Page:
The high school I attended.

Opened eons ago at the beginning of this century by American businessmen doing their stuff in China, at one point it was actually the most reputable of the American international schools in Asia, providing a semi-decent education. Most kids went to boarding school soon, so the school catered to younger kids. It remained open throughout the chaos of the Civil War, closed its doors in 1935 due to the Japanese invasion, opened again in 1945, then was shut down for good in 1949 with the ejection of all foreigners and the communists' rise to power.

It was reopened in the early 80's for a small group of expatriate children. Expanding slowly, there are about 600 kids there now, from nursery school to high school, but the number of high school students decline rapidly as you move up the grades, there were only 30 seniors in a high school of 200. For some reason, I was denied a decent education in my late teen years (like my sister, who went to Taft), and was forced to sweat it out in some inferior, low-quality institution.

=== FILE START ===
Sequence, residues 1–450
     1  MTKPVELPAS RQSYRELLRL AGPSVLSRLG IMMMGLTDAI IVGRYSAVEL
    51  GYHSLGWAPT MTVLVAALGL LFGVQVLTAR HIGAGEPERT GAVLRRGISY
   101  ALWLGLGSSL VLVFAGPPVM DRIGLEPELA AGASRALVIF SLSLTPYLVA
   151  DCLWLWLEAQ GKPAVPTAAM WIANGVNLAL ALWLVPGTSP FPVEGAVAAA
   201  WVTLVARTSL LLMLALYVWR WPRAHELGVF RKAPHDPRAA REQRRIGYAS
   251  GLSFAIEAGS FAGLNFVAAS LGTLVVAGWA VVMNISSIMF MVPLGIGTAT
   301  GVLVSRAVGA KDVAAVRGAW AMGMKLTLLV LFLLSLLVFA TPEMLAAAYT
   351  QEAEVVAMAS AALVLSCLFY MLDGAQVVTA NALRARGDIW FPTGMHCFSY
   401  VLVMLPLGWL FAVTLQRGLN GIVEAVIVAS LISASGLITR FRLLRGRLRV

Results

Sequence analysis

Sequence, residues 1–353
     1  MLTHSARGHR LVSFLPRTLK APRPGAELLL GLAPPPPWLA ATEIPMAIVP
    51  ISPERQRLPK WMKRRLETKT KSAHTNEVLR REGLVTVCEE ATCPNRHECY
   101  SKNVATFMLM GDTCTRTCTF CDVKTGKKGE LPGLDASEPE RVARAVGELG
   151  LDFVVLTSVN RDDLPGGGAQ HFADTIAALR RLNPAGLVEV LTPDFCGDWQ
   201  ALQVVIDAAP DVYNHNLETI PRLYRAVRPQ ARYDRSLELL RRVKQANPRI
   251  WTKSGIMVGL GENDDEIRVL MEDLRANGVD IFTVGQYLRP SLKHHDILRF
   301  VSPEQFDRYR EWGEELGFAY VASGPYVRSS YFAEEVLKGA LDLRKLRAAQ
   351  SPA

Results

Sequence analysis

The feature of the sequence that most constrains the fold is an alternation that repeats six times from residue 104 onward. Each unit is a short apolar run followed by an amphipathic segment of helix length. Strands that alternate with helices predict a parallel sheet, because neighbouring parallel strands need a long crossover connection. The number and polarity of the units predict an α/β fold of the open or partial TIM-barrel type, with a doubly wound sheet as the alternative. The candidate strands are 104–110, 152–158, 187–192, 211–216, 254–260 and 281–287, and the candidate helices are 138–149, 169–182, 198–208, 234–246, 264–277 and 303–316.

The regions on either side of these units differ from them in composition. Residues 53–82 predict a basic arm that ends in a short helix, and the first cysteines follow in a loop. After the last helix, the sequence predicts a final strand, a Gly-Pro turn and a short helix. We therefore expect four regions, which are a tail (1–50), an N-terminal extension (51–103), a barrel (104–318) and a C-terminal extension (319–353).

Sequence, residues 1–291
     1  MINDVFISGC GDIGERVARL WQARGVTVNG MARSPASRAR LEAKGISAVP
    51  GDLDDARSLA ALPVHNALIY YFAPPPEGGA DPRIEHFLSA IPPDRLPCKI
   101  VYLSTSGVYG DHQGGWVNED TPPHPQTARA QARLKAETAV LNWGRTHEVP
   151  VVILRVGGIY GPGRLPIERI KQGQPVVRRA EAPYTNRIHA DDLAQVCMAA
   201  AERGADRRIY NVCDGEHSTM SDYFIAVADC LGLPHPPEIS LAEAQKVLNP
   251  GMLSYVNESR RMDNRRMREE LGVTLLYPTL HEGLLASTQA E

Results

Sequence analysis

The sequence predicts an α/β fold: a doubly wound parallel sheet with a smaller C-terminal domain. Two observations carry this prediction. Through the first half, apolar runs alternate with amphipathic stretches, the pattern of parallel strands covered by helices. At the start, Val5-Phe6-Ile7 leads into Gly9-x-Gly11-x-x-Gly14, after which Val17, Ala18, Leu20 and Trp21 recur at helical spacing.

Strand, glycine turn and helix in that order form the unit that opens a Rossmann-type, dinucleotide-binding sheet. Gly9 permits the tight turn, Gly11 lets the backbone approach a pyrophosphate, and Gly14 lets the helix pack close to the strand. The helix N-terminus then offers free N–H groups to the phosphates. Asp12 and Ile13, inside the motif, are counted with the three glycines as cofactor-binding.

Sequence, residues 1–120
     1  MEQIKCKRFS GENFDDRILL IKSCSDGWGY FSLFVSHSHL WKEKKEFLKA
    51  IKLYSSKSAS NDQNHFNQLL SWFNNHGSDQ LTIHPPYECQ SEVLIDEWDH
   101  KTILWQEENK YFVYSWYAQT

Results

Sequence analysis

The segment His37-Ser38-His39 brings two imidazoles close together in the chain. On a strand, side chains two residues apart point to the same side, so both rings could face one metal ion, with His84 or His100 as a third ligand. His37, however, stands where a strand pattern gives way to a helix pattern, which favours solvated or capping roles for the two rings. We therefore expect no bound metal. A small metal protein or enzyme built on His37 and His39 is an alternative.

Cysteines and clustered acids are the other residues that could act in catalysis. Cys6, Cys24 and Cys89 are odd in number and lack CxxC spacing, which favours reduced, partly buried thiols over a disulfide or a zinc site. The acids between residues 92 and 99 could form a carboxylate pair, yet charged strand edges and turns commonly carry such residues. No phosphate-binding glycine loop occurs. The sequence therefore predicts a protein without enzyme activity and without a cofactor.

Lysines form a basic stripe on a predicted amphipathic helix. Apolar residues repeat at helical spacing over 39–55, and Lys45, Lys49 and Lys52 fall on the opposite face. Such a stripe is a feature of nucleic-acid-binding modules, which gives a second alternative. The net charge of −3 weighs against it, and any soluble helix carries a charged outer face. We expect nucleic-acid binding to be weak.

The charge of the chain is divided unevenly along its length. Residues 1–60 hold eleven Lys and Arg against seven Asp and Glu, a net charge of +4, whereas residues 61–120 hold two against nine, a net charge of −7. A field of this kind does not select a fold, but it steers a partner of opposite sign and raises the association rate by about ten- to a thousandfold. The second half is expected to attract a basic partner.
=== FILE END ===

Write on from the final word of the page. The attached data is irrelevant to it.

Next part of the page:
Charging an exorbitant sum of money (US$20,000) for a very bad education is a bit outrageous, hinting at the presence of embezzlement, fraud and other white-collar crimes among the administrapo. The teachers, with the exception of a few older high school personnel, all suck, being young fools teaching in China because they want to "see the world". I knew more mathematics than the math teacher, and I sure as hell knew more about history than the history teacher. I outargued the government teacher, who turned out to be a socialist. I humiliated the English teacher in class for her religious beliefs incorporating itself into her grading practices, and was rewarded with detention time. Oy, those were the days......

We lacked proper equipment for most science courses, so we improvised. We used a butane cooker for a bunsen. Without pure water, we had to boil our own. Heck, we couldn't even do the titration experiment because we didn't have the tubes. The school sucked in that aspect.

Expatriate kids are by definition rich and spoiled, so I didn't get along well with those brats. They weren't too bright either, so I wrecked the senior grade-curve, and for that they hated me. My refusal to conform to school norms got me kicked out of the valedictorian seat, despite the fact that I had the highest GPA and was involved in more volunteer activities than everyone else. In the end, I received my diploma, and it is now gathering mold at the bottom of my drawer.

Last year's college list (in a class of 30):

All some of you people thought your high school was bad. Now you know why I hate high school so much.

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